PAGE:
A surprising kinematic finding was the lack of improvements in hip-knee angular consistency following training. Previous data in participants with stroke23 or incomplete SCI40,45 following higher-intensity stepping protocols demonstrate improvements in ACC, although other stepping protocols that may not focus on high cardiovascular intensities elicit variable changes in intralimb consistency.45 The inconsistent changes in ACC do not appear to be due to limited changes in speed, as participants with similar speed improvements demonstrated both positive and negative ACC changes (eg, S2 and S3). Interestingly, the participant with large decreases in ACC bilaterally (S3) was the most impaired, as indicated by lower LEMS (21) and BBS (5) at baseline. Conversely, while S2 presented with equivalent initial walking speed as S3 at baseline, S2 demonstrated a higher LEMS and the largest gains in ACC values. Perhaps individuals with more severe motor deficits utilize alternative and inconsistent compensatory strategies to advance the limbs during stepping tasks, whereas those with greater motor control may be able to demonstrate greater intralimb consistency and coordination with improvements in gait speed with training. Greater sample sizes in future studies may help elucidate the validity of this hypothesis.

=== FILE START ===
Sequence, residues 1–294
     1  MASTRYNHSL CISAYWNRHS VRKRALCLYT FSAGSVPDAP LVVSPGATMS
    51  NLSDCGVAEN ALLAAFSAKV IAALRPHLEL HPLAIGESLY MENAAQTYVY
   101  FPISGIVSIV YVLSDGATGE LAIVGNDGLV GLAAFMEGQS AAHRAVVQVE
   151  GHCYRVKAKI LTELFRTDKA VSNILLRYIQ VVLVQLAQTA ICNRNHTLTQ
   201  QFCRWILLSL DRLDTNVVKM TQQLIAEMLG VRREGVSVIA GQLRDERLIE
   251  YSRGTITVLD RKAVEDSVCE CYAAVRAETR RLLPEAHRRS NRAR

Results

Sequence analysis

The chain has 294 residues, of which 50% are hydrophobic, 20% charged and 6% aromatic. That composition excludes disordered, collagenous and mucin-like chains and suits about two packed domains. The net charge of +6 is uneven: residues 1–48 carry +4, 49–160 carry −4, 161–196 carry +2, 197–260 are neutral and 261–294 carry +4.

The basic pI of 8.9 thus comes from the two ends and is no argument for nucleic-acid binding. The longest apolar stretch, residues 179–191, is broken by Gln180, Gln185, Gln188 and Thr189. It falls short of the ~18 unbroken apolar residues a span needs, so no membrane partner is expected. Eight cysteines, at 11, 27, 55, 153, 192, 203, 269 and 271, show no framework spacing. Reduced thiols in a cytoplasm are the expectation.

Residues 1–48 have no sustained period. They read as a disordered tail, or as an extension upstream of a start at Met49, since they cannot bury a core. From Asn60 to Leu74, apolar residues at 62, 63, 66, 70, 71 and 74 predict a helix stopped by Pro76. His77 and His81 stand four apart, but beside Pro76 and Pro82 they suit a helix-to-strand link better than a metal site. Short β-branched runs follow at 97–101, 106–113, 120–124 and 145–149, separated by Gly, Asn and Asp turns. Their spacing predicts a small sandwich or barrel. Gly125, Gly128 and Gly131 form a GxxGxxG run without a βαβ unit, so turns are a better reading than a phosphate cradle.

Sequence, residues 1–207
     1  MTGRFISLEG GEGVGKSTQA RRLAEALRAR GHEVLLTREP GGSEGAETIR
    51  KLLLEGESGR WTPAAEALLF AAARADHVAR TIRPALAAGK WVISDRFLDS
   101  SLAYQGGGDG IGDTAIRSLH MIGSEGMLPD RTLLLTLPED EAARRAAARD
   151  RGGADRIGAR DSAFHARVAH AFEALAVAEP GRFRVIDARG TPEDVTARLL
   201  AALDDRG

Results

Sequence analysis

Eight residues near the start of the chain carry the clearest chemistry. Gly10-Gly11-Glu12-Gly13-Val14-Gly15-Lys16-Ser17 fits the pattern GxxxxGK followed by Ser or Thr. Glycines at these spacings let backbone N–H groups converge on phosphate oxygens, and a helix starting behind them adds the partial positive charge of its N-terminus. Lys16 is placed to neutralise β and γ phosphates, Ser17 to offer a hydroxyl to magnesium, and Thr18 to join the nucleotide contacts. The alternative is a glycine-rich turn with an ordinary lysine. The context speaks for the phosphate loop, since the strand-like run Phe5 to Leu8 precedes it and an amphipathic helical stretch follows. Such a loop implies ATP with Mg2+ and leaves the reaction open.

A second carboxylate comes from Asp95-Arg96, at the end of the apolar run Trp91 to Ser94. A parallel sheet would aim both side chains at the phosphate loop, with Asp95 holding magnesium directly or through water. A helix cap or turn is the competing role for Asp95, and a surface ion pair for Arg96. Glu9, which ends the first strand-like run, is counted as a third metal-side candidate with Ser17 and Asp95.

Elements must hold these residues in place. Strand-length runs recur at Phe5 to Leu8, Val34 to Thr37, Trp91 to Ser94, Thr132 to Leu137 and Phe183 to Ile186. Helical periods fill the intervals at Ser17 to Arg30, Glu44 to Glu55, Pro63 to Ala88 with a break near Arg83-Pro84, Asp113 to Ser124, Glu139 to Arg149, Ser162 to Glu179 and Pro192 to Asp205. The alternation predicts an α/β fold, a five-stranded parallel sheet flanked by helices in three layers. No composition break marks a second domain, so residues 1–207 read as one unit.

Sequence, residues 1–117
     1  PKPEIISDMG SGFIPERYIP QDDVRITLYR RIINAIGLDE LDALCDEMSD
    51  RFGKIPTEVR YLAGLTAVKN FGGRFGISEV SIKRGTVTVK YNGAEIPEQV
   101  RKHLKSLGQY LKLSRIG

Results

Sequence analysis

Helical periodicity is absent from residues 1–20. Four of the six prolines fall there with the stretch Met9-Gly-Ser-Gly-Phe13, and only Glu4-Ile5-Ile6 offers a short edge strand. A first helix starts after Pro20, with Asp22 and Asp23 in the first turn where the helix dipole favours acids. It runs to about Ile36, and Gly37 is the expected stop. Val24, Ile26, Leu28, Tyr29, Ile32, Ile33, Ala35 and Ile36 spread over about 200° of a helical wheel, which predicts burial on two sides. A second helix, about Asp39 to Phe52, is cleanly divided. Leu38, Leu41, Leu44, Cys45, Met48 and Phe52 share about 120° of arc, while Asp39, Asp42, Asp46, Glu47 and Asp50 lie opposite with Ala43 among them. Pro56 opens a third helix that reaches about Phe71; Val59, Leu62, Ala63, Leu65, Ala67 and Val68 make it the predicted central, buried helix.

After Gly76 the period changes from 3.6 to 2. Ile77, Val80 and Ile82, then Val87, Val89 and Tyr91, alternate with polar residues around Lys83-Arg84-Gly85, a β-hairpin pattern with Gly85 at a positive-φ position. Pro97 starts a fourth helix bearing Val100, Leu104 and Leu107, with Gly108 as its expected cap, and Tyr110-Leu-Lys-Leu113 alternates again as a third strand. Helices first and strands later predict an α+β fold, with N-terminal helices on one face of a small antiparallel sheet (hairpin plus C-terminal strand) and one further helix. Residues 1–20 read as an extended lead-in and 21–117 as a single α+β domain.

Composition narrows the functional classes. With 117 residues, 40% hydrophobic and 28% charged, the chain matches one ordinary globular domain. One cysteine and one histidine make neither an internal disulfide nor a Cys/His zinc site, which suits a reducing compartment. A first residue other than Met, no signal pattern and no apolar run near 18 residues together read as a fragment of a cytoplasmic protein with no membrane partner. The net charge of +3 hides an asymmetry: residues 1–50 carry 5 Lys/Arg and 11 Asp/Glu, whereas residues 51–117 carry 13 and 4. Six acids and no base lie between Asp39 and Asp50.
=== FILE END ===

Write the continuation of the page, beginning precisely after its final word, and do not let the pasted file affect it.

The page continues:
Even with the modest improvements observed, none of the gains were maintained in the 3 participants tested at follow-up. Given the increased prevalence of cardiovascular disease and diabetes mellitus in persons with SCI,46 lower peak metabolic capacity,40,47 and reduced daily stepping,2 additional interventions of physical activity are likely necessary to maintain gains in motor function following interventions. Selected reports have elucidated the positive effects of cardiovascular gains when training walking ability,10,48 with a recent systematic review reporting a low risk of cardiovascular training when conducted with proper safety precautions.49 Given reduced access to such interventions, community-based strategies to increase participation in high-intensity stepping training may be an effective way to maintain gains observed.
Limitations of our case series include lack of blinded assessors and potential testing effects contributing to the outcomes. In addition, while assessment of gait kinematics during TM testing may be similar to overground walking, the use of bilateral handrails could result in very different biomechanical strategies as compared with overground ambulation.50 Furthermore, the small sample size and limited diversity of individuals of varying levels of impairment are specific limitations that may limit the ability to generalize these findings. More directly, 3 participants presented with fairly low LEMS and BBS scores (S1-S3) and could not achieve more than 2000 steps/session, and the benefits may be limited in very impaired individuals post-iSCI.10